• Know-how-to-interact is the set of social skills such as respect, courtesy, diplomacy and empathy, enabling you to enter into relationships with others, including co-workers, customers and suppliers.

These competencies enable us do our work in an enjoyable way.

They are called personal competencies, or intra-personal and interpersonal skills, or even “soft skills”. They are indeed competencies, but they are not soft!

Relational competence is a professional competence in its own right and it is desirable to develop it on equal footing with the intellectual and technical competencies.   

But it is not only the operational skills (which make you efficient) or the relational skills (which make you pleasant) that guarantee professional effectiveness.


We agree that operational competencies are essential, that hiring coders who do not know how to code, doctors who do not know how to treat or chefs who do not know how to cook, is a quick path to failure. These skills are the backbone of the HR process. But how do you explain why organizations that hire people with similar operational skills end up with very different results?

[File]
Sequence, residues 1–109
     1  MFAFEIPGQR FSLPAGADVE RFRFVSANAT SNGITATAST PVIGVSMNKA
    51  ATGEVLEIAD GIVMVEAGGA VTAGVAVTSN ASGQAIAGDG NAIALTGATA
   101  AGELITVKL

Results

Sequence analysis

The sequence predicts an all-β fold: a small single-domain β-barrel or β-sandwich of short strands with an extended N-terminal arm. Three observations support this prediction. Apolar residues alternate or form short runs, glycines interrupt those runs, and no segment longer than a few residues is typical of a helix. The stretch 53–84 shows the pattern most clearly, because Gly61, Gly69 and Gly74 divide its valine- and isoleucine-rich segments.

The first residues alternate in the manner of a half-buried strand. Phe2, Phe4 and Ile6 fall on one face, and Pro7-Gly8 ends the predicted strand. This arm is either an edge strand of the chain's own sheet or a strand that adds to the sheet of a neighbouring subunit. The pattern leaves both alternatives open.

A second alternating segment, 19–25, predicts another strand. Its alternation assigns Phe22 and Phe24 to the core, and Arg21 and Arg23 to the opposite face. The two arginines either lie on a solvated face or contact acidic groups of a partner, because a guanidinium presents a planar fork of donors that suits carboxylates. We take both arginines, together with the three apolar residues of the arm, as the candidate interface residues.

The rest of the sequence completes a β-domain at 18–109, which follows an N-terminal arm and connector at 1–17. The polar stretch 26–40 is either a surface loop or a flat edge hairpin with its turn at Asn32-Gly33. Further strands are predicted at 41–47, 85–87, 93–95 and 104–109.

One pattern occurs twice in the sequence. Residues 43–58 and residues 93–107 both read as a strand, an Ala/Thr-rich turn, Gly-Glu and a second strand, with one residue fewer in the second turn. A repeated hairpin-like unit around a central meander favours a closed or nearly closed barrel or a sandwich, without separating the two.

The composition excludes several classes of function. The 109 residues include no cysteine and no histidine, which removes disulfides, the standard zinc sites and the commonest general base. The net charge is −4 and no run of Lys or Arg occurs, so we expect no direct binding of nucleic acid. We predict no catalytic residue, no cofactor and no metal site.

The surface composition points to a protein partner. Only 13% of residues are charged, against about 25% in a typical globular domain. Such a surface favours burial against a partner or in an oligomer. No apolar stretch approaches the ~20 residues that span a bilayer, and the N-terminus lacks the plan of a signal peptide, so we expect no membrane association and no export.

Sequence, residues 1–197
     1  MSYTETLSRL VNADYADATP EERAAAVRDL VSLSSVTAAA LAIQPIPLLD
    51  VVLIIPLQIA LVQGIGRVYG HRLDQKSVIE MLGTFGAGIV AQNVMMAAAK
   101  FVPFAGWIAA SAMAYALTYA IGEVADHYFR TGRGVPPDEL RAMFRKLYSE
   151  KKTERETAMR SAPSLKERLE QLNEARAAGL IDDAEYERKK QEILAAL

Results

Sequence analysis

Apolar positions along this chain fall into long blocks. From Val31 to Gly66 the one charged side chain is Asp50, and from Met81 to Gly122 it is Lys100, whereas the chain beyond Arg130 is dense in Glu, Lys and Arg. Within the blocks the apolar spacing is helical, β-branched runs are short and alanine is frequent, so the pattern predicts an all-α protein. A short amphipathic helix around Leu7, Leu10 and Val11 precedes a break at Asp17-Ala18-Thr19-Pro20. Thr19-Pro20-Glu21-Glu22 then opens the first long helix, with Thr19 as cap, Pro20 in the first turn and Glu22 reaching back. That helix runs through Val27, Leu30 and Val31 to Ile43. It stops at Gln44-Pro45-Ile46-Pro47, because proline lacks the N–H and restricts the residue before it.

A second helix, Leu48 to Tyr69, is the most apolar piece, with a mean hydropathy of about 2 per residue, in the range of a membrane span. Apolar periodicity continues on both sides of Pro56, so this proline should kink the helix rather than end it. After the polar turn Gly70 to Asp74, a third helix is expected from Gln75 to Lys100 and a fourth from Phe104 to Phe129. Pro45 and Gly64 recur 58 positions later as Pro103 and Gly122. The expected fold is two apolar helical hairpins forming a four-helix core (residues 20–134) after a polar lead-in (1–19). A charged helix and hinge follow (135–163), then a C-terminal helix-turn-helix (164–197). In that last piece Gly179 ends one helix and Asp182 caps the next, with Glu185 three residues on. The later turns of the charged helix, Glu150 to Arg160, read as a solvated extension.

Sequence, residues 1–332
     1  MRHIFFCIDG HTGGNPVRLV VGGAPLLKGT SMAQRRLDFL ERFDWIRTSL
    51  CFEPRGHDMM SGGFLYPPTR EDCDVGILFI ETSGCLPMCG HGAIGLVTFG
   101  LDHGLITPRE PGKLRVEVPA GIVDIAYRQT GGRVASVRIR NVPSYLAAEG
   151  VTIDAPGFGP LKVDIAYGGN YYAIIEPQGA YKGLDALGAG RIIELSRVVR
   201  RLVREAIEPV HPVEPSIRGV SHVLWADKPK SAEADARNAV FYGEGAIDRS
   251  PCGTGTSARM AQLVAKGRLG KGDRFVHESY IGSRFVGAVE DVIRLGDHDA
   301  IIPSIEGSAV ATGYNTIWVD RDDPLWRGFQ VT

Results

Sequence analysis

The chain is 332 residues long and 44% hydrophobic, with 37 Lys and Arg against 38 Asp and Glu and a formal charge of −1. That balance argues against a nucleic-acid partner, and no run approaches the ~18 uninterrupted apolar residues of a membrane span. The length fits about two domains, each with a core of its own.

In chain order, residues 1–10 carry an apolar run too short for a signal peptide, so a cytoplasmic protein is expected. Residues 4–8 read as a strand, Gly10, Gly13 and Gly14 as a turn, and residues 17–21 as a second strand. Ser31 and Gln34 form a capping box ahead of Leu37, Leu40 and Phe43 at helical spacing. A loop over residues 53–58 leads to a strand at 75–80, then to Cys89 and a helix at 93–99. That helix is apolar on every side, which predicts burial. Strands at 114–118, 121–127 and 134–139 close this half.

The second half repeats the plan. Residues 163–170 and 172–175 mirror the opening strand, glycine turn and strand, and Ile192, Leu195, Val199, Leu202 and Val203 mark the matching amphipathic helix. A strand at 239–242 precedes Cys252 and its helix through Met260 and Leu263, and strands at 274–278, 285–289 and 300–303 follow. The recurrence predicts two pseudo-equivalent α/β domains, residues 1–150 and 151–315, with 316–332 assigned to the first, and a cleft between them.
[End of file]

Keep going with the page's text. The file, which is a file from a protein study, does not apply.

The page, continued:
By distorting the term “professional competencies” and by focussing on seemingly “essential” skills, we have diminished the value of competencies that really matter. Most of the textbooks that students consult, and the tests and exams that they do, relate to these operational competencies – it’s simply copy and paste!

When we call other skills “soft” and imply that they are optional, we give them little respect and importance.

It turns out that the difference between successful organizations and struggling organizations are the attitudes, aptitudes and skills of the people doing the work, which are sometimes difficult to measure.


When we consider which competencies are useful to an individual to maximize their professional effectiveness (Knowledge, Know-how, Know-how-to-be and Know-how-to-interact), there is much less opportunity to learn them.

We learn Knowledge and Know-how in the school classrooms, in an institutional way and through experience, but we are not taught to affirm ourselves, to inspire confidence, to influence, to communicate and to collaborate with others. These behaviours are therefore acquired in varying degrees, often quite informally, by imitation or by learning on the job.